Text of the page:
Representatives of the Tibb Institute, based in Surrey Estate and Langa, spoke about Tibb – the traditional healing system, with deep roots in ancient Greek, Egyptian, Arabic, Indian and Western medicine – at their monthly meeting on Thursday March 8.
The system is holistic in nature, recognising the mental, emotional, spiritual and physical dimensions of health maintenance and disease management.
Diabetes is a chronic condition that occurs when the body cannot produce enough insulin, or use it effectively.
Insulin is a hormone produced by the pancreas that allows glucose from food to enter the body’s cells, where it is converted into energy which is needed by muscles and tissues to function.
A person with diabetes does not absorb glucose properly, resulting in the glucose continuing to circulate in the blood, reaching high concentrations (hyperglycaemia). This eventually damages tissues and organs over time, even leading to life-threatening health complications.
Group co-ordinator, Bernie Gelant, said she invited the Tibb doctors to speak about their services and to encourage diabetics to lead a healthy lifestyle.
“Often tablets can have negative side-effects, which can cause organ failure or we know what the problem is but we don’t treat the root cause of the problem,” she said.
Ms Gelant said diabetes could be controlled with diet, exercise and medication.
“By getting these doctors in, we get information and we can be creative in living with diabetes,” she said.
Participants learned how their bodies had the ability to self-heal; about the equilibrium of their body fluids; and how their health is affected by their lifestyles – including what they eat and drink, the air they breathe, exercise, sleep, state of their emotions – and the elimination of wastes and toxins.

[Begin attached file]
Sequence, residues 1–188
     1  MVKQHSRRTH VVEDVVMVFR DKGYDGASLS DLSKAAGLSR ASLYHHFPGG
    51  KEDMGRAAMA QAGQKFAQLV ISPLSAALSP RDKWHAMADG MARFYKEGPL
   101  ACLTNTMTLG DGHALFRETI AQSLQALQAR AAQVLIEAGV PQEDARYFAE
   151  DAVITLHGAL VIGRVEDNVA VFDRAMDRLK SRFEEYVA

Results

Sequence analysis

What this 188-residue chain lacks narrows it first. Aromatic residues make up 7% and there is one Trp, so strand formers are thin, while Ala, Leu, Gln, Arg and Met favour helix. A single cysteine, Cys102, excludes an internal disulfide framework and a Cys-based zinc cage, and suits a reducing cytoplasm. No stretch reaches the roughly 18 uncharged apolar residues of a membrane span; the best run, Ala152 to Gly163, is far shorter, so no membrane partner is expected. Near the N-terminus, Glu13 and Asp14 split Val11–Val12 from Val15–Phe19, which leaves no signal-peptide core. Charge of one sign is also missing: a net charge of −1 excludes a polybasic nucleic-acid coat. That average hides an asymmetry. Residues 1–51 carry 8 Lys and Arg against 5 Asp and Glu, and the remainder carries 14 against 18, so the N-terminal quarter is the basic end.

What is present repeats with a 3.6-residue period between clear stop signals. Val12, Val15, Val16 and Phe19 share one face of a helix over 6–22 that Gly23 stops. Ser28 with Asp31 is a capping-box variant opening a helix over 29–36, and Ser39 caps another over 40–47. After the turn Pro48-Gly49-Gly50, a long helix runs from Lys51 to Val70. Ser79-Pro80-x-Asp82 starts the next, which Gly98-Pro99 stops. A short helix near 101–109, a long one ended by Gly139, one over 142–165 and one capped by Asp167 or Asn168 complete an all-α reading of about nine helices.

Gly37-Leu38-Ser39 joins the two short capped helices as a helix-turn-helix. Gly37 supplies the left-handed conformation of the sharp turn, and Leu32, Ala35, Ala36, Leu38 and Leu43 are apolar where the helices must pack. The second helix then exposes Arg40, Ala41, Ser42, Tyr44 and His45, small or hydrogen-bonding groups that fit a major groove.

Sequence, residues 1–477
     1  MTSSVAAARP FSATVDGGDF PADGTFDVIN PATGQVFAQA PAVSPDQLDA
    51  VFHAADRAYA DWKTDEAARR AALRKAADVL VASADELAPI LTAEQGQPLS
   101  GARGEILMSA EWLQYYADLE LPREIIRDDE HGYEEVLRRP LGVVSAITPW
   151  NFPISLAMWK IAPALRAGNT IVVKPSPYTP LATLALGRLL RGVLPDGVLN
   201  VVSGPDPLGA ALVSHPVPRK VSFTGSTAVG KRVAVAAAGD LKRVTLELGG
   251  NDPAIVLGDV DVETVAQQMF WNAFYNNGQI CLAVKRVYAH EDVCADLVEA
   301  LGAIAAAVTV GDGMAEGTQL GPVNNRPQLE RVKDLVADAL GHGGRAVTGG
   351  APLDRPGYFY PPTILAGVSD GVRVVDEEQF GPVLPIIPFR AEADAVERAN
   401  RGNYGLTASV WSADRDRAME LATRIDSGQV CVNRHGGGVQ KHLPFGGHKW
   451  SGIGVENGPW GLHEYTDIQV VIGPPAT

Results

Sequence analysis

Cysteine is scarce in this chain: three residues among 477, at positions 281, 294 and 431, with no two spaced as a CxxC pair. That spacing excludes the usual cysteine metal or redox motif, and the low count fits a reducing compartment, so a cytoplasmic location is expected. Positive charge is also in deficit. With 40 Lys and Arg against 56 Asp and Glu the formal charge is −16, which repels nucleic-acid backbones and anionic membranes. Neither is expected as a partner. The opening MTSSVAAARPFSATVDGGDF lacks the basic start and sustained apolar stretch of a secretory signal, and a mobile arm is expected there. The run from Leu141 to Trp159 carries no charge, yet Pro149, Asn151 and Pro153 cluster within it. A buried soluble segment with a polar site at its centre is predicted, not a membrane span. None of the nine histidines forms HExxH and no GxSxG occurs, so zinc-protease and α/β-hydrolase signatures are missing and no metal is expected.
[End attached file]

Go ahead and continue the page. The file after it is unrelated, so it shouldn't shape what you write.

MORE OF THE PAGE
During breathing exercises with Dr Rhoda Deers from Tibb, participants learned how to relax and how they could speed up their heart rate.
She also advised diabetics to spruce up their water with a little bit of cinnamon, which helps the body use insulin more effectively.
“The best way to monitor and increase your water intake is to fill your two-litre bottle of water and you can sip on it all day,” she said.
Dr Deers said this was important to help flush the body of toxins and waste.
Dr Yumna Abrahams, senior research manager for the institute, demonstrated cupping – the application of bell-shaped glass cups, to the skin, creating suction.
Cupping promotes stimulation of both the pancreas and the liver.
Dr Abrahams said Tibb could be combined with conventional drugs in cases of diabetes, where treatment alone was not completely satisfactory. She encouraged participants to visit the institute at the Saartjie Baartman Centre, corner of Klipfontein and Aries Roads in Surrey Estate. Their consultation fees could be subsidised, she said.
For more information, call 081 459 1989.